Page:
The overall winner is the Ryzen 9 5900HX but it’s only 4 percent faster than the Core i7-11800H. Compared to the 10th-gen chip, the 11th-gen model delivers a decent 13 percent higher score.
We’ll close out with the brave new world of PC-based AI work. AI for consumers has been a pretty abstract long-hair book topic but clearly its most promising practical use for now is helping to accelerate image processing. Our first test is Topaz Lab’s Gigapixel AI. This benchmark uses AI-trained models to make better image enlargements than more conventional (and far dumber) algorithms.
We start with a picture of a US Navy F-18 Hornet taken at an air show with an 8.2MP Canon EOS 1D Mk IIn camera more than a decade ago. Viewed from 2021, 8.2MP sounds pretty pathetic, so we task Gigapixel AI 5.5.1 with increasing the image by 6x and time the result. Gigapixel AI can run on a GPU or CPU, so we pick the CPU. Gigapixel AI supports Intel’s OpenVINO technology.
The winner shouldn’t surprise anyone as Intel has pushed AVX-512 support—even to the detriment of its own chips, some would say—for years now. The technology was found in Intel’s Skylake-X products, its 10th-gen Ice Lake CPUs, and its mainstream-focused 11th-gen Tiger Lake U chips, and now makes it way into these more powerful 11th-gen Tiger Lake H CPUs. The dividends are pretty sizeable. The Core i7-11800H finishes the job 42 percent faster than the Ryzen 9 5980HS, which oddly ends up losing to the Ryzen 9 4800HS. We’re again at odds to explain the mismatched performance of the Ryzen CPUs. Further investigation needs to be done as to why the results are so scattered, but we can say GigaPixel AI is on a development fast track. It feels like updated versions drop every other week.
We feel more confident in the performance difference between the 10th-gen and 11th-gen chips though. Tiger Lake churns through the job 22 percent faster.
Our final AI task is the new Nero Score benchmark. We’ve previously used Nero AI Photo Tagger which was initially a free proof-of-concept that used AI models to sort and analyze photos. If it found what it thought was a bike, it would classify the image as a bike for you. Sure, your phone might already do that now for new pictures, but if you’re sitting on tens of thousands of images you shot, no one’s going to sort or tag them for you. Until now anyway.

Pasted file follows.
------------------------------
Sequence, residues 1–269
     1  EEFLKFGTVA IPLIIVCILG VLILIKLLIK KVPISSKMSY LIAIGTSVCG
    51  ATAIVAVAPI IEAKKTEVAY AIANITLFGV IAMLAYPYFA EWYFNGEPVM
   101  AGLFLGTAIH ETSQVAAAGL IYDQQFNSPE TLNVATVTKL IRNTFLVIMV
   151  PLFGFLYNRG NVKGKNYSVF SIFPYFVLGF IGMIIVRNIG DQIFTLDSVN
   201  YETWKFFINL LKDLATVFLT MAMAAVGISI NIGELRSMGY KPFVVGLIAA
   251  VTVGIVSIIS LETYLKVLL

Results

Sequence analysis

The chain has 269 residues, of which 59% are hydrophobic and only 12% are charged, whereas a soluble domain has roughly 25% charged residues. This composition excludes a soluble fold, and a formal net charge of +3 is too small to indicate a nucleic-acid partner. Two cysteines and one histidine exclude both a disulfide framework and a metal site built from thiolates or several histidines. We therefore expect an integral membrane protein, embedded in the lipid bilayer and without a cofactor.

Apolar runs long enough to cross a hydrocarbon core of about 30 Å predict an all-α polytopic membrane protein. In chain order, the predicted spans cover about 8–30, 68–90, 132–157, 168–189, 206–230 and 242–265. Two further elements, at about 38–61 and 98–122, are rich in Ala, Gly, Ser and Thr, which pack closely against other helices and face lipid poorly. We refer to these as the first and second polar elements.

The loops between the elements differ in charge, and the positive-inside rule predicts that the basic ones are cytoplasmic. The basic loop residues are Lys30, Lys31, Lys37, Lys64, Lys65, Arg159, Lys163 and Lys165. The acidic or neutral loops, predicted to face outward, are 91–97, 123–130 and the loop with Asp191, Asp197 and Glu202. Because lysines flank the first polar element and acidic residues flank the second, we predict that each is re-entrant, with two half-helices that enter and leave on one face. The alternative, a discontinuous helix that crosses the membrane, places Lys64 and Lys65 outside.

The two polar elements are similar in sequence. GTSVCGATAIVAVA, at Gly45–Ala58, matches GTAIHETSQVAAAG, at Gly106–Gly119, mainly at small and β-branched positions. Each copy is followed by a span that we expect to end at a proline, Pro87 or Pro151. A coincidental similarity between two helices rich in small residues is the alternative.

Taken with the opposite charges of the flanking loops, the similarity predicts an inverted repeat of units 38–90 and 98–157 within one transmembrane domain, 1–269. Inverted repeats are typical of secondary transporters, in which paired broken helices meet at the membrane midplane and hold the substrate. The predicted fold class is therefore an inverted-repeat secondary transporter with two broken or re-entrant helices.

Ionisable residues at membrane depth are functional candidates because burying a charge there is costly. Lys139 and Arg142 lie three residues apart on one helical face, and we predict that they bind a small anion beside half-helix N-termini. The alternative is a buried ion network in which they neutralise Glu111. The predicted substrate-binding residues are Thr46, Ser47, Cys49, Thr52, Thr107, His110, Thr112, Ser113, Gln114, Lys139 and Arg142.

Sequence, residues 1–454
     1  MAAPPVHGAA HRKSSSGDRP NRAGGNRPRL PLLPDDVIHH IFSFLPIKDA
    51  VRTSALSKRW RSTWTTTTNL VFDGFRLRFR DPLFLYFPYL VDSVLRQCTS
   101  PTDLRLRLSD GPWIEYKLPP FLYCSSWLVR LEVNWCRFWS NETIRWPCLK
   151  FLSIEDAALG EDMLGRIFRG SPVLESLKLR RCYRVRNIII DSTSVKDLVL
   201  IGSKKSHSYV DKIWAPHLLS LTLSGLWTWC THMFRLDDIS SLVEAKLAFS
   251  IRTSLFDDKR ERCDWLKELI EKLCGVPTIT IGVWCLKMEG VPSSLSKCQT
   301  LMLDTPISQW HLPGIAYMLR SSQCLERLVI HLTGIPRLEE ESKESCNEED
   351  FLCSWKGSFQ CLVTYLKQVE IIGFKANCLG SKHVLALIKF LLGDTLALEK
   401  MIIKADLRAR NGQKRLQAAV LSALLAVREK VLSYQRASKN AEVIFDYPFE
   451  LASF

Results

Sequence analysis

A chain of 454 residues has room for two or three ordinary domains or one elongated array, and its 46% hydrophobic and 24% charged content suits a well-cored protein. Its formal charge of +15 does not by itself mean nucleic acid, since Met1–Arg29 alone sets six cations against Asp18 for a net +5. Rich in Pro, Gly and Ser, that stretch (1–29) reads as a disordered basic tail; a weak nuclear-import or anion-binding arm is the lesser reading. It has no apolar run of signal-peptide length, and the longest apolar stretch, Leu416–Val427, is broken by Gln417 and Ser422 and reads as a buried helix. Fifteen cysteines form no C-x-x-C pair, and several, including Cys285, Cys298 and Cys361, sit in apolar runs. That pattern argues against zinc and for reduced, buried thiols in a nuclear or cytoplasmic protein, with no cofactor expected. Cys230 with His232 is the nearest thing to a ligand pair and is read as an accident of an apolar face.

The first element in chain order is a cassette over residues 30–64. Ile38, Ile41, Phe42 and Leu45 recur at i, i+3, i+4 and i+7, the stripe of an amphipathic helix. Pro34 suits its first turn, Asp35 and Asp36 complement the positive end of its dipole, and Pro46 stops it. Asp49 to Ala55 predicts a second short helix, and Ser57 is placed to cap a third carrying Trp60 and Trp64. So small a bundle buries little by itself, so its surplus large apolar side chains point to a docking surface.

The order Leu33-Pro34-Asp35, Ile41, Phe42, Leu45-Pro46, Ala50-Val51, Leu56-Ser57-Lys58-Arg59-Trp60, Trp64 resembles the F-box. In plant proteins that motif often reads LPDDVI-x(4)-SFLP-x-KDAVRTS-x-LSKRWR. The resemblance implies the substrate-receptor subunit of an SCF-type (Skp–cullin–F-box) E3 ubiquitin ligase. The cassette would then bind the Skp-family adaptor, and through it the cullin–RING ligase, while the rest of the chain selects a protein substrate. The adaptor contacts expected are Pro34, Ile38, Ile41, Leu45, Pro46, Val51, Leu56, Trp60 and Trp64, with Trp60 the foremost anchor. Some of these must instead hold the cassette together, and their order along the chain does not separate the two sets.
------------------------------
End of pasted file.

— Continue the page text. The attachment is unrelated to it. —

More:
Rather than the actual AI Photo Tagger (which is no longer free for newer versions) Nero Score is based on an updated core that quickly measures how fast a CPU can use AI to analyze 50 small pictures three times. This is actually better than trying to use AI Photo Tagger since it likely all fits into memory and would thus be less influenced by the speed of the drive it’s reading from.
Nero Score is based on Intel’s OpenVINO toolkit and—shocker—a CPU with AVX-512 support yields big, big wins here. We’re looking at 50 percent more performance over the Ryzen 9 5900HX from the Core i7-11800H. Intel’s latest chip is also a massive 78 percent faster than the 10th-gen Core i7-10870H.
If you really believe this new fangled consumer AI stuff is going places, this is a big (and predictable) win for the Tiger Lake H.
As we said earlier, gaming performance is essentially TBD since we could only run the Nvidia Studio Driver on our laptop. Studio Drivers are optimized around content creation updates rather than improving gaming performance like the company’s Game Ready drivers, so testing with a Studio Driver installed could ery well depress the results for Intel’s 11th-gen chip. That technical hiccup adds to the difficulty of trying to compare a Ryzen 9 laptop with a 130 watt GeForce RTX 3080 Laptop GPU to a pair of Intel Core i7 laptops with 105 watt GeForce RTX 3080 Laptop GPUs.
There are a few a few tidbits we don’t think will move much though. The first is 3DMark’s Time Spy CPU test. It measures CPU physics using a real-world engine. You can see the Ryzen and 11th-gen chip are basically tied while the Core i7-11800H outpaces the 10th-gen chip by about 9 percent. The test doesn’t always represent real-world gaming though so don’t rely on it too much.
We know you’re hungry for any signs of gaming performance so this one is probably fine (even though the 11th-gen’s 3080 might be at a disadvantage). The incredibly popular Counter Strike: Global Offensive is such a light load these days that it’s very CPU bound. On the desktop side of things, we’ve seen Ryzen 5000 eat Intel’s lunch here partly thanks to its giant cache. But the laptop Ryzen 5000 chips don’t have that big fat cache, and in a reversal, the Tiger Lake H chip does. That may contribute to the Tiger Lake’s huge 23 percent advantage over both the Ryzen 9 and 10th-gen CPU.
The final result we’ll show you—3Dmark’s PCIe bandwidth test—is a direct result of the design of Tiger Lake H and its newfound PCIe Gen 4 support. Again, the results of this test are unlikely to move even with the Nvidia driver differences. but you can see the Core i7-11800H indeed has a gargantuan 172 percent PCIe bandwidth advantage over the Ryzen 9 with its limited 8 lanes of Gen 3 PCIe, as well as a 44 percent advantage over the 16 lanes of Gen 3 in the 10th-gen chip.
Does that really matter? Well, we’re not so sure. Most games, even the newest ones, rarely flex the PCIe bandwidth needs, so while this massive win for Tiger Lake may be cool to whistle at, the practical upside is far, far less.
Conclusion: Welcome back to the game, Intel
As you’d expect from the reigning champ and one of the historic greats, AMD’s powerful Ryzen 9 chips don’t ever back down in this slugfest. But after a brutally long rebuilding season, it’s clear that Intel’s new Tiger Lake H is a real contender. Even though the Core i7 doesn’t clearly win many contests here, it’s so damned close that it’d be difficult to bet against the upcoming 11th-gen Core i9 offering.
As we’ve been saying: We got us ball game, folks.